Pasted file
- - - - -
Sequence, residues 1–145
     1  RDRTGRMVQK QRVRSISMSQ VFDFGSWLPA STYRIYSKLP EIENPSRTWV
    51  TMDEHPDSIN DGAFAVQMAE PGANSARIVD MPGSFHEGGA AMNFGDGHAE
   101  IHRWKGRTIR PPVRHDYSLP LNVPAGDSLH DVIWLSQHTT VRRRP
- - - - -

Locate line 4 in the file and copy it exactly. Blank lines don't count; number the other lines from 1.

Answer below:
   101  IHRWKGRTIR PPVRHDYSLP LNVPAGDSLH DVIWLSQHTT VRRRP